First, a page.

So tax-friendly investments. I've talked about a couple. Individual stocks I would also add to the list, in part because the investors' profits are perfectly aligned with the realization of capital gains. So you control when you realize capital gains. That makes individual stocks generally quite tax-friendly. Under that heading I would also add tax-managed mutual funds. These are funds that are managed to reduce the drag of taxes. Most of them use quasi-index exposures as their baseline, but they might use additional tax-managed techniques to reduce the drag of taxes.
For fixed-income investors, municipal bonds are the way to go to reduce the drag of taxes on your portfolio. Master limited partnerships are also a rare income-producing security that is better housed within a taxable account than in some sort of tax-sheltered vehicle. They tend to be quite tax-friendly. Their performance hasn't been so good recently, but they tend to be quite tax-efficient on an ongoing basis.
So, in terms of investments to keep out of your taxable accounts and inside your tax-sheltered accounts, any security that's kicking off a high level of ordinary income, so high-yield bonds, emerging-markets bonds, multi-sector bonds or bond funds, securities that pay nonqualified dividends (like REITs), like some preferred stocks, high-turnover mutual funds I would put under this heading, and commodities funds, where your gains are taxed 60% as long-term and 40% as short-term. Those would all be categories that to the extent that I owned them, I would want to keep them housed within my tax-sheltered accounts.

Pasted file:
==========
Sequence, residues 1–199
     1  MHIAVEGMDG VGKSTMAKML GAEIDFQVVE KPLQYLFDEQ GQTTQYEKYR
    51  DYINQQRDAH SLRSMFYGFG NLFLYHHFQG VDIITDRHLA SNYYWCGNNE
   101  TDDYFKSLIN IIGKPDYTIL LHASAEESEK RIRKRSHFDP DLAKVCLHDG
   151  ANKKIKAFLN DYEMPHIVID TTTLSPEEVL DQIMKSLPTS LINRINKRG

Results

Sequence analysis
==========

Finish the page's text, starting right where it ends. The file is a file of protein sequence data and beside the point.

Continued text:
So, in terms of active equity funds, I've hit on some of the risks that you can have by putting these investment types within your taxable accounts--these unwanted capital-gains distributions. So I've listed here just a few funds that have very low turnover, and they are actually all really good funds, but for one reason or another, their recent tax histories have not been great for investors who have held them inside of their taxable accounts. They have made a lot of capital-gains distributions despite the fact that they have very low turnovers. So, while turnover can sometimes be a proxy for how tax-efficient a fund is, not necessarily always.